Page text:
GTM Research recently released its report on the non-residential/commercial solar market, demonstrating relatively stagnant growth of the sector for the fourth straight year.

According to the report, after a rise in installations from 2010 to 2012, commercial solar, consisting of projects where offtakers are neither homeowners nor utilities, has consistently hovered around a gigawatt (GW) of installed capacity in each year since. With a boom in residential installations and one million solar installations nationwide as of May 2016, what gives in the commercial space?


An Inefficient Standard

The commercial solar market faces inherent challenges given high transaction costs associated with relatively smaller project opportunities. Given high transaction costs, this market sector cannot afford to absorb inefficiencies associated with factors such as costly customer acquisition and long PPA negotiations, as well as other binary project-specific issues that may arise (these can be anything – you wouldn’t believe the stories we could tell…).

As we have discussed before – and what GTM Research mentions in their report – the process for obtaining financing for these relatively smaller-scale deals is also largely inefficient. In our experience, many developers often auction projects to the highest bidder, a time-intensive process (that often leads to attrition, and then the stranded projects re-emerge later).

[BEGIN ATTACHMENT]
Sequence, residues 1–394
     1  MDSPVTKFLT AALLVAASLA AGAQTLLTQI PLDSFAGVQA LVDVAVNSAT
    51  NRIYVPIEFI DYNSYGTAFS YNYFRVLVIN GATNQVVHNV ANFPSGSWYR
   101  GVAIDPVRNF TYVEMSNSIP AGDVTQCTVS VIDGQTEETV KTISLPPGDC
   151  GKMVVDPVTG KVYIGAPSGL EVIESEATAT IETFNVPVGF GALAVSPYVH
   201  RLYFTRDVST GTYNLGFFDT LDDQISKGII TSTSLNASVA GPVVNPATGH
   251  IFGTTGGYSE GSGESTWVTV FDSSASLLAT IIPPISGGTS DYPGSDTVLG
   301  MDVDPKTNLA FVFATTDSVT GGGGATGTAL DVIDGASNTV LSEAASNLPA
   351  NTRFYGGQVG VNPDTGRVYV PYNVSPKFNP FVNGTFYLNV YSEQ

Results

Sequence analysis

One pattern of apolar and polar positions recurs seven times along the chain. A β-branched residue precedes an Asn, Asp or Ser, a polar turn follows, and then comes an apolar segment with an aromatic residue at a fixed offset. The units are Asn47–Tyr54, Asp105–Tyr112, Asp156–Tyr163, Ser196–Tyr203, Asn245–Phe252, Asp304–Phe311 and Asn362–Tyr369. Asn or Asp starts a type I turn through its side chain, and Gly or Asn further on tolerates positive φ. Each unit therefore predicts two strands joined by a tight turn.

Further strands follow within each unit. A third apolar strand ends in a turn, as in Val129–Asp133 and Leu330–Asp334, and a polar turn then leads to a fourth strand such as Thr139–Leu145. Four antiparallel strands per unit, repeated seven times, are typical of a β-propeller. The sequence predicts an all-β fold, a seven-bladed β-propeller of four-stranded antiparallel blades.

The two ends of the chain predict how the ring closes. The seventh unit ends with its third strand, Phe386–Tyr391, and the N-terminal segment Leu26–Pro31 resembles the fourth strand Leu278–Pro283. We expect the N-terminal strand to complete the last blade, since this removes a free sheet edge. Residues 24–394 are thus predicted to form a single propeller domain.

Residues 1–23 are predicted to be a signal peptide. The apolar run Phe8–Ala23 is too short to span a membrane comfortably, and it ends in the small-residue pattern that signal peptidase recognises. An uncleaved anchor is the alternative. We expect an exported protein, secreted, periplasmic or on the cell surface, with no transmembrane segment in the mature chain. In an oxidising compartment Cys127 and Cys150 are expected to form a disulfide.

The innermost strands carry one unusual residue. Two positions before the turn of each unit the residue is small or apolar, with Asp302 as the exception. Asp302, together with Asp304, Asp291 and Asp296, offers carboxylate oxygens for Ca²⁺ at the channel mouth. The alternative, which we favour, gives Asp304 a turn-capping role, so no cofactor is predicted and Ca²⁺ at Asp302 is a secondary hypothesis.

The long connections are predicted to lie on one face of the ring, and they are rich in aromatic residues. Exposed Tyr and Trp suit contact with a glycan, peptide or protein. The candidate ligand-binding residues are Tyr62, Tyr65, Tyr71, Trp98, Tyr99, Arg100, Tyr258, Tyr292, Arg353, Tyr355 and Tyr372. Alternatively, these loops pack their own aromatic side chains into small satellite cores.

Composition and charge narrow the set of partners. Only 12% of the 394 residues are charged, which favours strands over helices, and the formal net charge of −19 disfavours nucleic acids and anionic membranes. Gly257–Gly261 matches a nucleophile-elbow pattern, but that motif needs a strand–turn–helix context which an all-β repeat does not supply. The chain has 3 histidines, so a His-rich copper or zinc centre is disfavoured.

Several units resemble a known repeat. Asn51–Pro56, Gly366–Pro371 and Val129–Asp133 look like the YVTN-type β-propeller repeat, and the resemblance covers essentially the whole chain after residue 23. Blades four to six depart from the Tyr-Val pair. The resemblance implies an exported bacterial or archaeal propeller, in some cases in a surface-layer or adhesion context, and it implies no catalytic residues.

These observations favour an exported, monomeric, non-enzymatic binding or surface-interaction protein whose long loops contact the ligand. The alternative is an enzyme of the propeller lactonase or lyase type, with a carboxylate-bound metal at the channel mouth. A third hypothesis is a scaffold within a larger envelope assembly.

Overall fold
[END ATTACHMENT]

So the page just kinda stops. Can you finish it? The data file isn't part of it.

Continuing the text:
This is why repeat transactions are key to driving efficiency and scale.

These challenges lead to market fragmentation. GTM Research estimates that only 42 percent of installed capacity in the commercial market is developed by the top 10 players in the market (and that doesn’t include businesses with a model like Sol; we hovered around 30MW of commercial solar last year).

Given the obstacles associated with the commercial solar market, we have noticed a trend whereby developers and investors alike are prioritizing their efforts on larger-scale opportunities, especially after the extension of the investment tax credit (ITC) in December 2015.

Although commercial-scale solar will remain a focus, Sol Systems is also expanding its utility-scale business, and have begun building out the team and product to do so.

The industry is also focused on new ways to meet commercial demand, including off-site solar projects. Off-site projects avoid many of the obstacles posed by building on-site, possessing more flexibility in project size and shorter contract terms. Additionally, off-site solar bypasses facility problems that tend to arise for on-site projects (e.g., roof leaks and other structural issues).

Corporates are especially interested in off-site renewable projects, as 3.2GW of renewable energy was closed with corporate buyers in 2015, up from just over 1GW in 2014.

The commercial-scale solar market should naturally see a rise in installations due to the ITC, and the pathway to greater efficiencies that preserve returns will continue to be through ongoing relationships and repeat transactions.

Guest Contributor
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